It’s tough to judge something before we get out hands on it, so we’re willing to give the Fitbit Ionic the benefit of the doubt for now. But its announcement this week did little to make our pulse race. Its major new features — a long-overdue NFC chip and a third-party app capability it acquired when the company bought the remains of Pebble — don’t do much to justify the $300 price when you compare it to its competition.
Even if you love the advertised four-day battery life (and there’s a lot to love about it), the fine print reveals that it drops to 10 hours if you use GPS or the Bluetooth music player. And although you should never take fashion advice from a tech site, the Ionic’s design language borrows from the not-particularly-attractive Blaze.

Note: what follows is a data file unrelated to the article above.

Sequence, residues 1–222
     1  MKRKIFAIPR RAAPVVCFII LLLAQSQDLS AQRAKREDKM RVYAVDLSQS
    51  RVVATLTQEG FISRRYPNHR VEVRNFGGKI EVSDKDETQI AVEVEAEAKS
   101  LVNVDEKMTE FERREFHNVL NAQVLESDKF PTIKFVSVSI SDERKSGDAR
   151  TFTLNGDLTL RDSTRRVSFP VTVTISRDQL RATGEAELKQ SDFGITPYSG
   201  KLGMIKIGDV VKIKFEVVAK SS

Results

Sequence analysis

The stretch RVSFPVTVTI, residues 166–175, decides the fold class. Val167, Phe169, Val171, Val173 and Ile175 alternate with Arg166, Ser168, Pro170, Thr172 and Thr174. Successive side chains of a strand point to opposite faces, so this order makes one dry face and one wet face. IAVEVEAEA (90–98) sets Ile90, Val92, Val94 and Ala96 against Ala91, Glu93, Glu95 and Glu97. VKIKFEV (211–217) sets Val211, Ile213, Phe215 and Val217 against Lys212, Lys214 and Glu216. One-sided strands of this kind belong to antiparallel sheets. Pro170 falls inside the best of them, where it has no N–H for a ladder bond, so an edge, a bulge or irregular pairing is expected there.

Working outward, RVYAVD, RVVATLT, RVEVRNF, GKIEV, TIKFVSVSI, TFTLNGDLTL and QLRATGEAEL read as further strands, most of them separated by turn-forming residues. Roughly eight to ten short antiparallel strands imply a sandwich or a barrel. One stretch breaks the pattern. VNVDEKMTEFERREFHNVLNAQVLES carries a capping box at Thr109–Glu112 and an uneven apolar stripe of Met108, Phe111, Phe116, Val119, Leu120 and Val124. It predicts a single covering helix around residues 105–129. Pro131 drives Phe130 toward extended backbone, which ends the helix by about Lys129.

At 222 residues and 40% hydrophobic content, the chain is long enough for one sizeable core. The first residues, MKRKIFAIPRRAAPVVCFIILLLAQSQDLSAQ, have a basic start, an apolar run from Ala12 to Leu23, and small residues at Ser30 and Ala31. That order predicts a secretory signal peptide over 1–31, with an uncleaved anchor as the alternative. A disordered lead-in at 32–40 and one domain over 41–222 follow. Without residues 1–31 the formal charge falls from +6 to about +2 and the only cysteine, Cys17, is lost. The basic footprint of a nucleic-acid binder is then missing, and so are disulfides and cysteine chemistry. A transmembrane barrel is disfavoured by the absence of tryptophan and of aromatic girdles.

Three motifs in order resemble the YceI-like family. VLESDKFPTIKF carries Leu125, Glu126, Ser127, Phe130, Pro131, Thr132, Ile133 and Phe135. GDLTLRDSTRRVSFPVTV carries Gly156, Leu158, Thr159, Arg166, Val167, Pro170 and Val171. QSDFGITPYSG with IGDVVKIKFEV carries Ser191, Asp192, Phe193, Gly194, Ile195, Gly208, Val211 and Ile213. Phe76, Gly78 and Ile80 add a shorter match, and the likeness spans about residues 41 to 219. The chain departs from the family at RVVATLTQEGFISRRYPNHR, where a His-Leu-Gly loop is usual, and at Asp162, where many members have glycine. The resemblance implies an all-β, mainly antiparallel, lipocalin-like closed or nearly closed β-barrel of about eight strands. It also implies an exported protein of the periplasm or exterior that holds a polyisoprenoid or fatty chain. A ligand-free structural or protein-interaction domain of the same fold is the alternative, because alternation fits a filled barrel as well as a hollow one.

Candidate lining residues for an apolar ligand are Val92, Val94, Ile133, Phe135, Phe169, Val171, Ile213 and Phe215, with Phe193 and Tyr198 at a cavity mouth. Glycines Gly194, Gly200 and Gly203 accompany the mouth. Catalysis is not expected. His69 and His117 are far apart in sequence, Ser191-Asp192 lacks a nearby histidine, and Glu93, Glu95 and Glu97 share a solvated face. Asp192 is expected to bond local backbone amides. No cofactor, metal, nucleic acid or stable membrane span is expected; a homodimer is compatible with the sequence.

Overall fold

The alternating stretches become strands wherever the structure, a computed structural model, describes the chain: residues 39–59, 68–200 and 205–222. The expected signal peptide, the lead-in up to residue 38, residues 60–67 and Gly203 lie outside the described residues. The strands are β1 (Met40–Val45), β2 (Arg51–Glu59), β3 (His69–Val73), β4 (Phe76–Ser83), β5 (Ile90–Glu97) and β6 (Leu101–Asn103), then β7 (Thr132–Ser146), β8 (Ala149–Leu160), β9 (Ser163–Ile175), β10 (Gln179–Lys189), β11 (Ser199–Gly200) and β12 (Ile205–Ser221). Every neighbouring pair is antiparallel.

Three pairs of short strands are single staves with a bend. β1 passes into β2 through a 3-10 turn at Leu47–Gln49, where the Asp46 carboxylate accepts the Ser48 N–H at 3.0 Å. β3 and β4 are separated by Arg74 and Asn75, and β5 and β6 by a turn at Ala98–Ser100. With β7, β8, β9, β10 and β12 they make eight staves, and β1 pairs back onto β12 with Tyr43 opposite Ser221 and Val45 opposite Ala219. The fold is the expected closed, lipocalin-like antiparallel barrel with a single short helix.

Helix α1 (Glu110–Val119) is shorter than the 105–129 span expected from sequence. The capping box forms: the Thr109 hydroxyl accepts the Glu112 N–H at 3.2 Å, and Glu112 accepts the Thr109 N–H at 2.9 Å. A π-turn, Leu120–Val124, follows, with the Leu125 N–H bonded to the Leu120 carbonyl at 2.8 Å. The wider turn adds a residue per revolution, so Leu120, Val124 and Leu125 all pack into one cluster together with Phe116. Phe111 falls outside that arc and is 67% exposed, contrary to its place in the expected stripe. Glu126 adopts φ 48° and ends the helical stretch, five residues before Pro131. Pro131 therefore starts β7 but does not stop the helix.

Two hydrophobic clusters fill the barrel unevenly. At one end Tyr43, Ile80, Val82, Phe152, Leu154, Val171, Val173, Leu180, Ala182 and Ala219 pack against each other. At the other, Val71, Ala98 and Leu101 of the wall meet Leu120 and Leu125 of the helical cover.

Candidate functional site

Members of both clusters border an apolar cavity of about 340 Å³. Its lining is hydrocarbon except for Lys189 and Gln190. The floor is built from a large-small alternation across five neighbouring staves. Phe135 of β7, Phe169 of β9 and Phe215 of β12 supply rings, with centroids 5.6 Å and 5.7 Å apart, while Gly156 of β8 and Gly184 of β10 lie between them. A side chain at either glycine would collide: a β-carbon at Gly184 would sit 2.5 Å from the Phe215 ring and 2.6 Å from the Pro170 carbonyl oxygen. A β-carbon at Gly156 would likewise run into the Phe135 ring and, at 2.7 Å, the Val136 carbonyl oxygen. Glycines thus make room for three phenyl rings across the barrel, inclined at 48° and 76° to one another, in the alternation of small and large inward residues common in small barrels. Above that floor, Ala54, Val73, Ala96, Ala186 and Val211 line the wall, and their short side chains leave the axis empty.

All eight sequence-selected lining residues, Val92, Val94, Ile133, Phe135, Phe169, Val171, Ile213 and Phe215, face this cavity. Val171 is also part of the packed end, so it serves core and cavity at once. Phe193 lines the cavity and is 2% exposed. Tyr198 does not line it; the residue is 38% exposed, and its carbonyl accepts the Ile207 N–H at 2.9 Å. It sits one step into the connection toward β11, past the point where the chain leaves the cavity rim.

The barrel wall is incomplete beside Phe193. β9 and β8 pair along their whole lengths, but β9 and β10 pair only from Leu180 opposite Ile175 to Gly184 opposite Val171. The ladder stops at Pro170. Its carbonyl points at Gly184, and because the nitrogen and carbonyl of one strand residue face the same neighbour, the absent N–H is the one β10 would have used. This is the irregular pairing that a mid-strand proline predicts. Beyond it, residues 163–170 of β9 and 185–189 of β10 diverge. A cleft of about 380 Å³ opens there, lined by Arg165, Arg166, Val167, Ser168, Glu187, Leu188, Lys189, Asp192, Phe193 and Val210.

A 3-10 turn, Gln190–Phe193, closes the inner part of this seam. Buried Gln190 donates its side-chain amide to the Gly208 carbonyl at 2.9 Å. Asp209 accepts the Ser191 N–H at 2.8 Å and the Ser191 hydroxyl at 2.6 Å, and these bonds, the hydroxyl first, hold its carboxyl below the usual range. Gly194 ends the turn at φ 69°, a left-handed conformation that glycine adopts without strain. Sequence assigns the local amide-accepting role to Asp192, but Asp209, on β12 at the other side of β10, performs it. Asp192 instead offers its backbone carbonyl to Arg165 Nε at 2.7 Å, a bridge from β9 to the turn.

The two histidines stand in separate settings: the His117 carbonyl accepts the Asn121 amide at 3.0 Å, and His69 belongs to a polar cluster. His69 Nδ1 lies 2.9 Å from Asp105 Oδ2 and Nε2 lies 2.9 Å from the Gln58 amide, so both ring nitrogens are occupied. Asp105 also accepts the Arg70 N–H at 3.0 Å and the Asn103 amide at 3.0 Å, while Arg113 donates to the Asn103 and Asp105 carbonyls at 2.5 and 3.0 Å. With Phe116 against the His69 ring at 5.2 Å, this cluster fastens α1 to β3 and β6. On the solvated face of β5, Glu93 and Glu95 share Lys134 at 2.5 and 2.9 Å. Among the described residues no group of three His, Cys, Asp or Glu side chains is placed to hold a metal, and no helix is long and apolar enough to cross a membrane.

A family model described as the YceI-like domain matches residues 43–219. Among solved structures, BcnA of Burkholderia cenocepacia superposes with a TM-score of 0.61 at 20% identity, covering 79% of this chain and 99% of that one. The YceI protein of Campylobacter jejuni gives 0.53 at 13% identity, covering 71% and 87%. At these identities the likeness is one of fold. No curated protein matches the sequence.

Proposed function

Fitbit will publish an SDK shortly so maybe developers will add interesting software, but keep in mind that the apps for the Pebble smartwatch weren’t particularly compelling.
As we said, we’re loath to pass final judgement on a product until we actually use it. If we were reviewing the press release, though, we’d think there were better smart bands out there.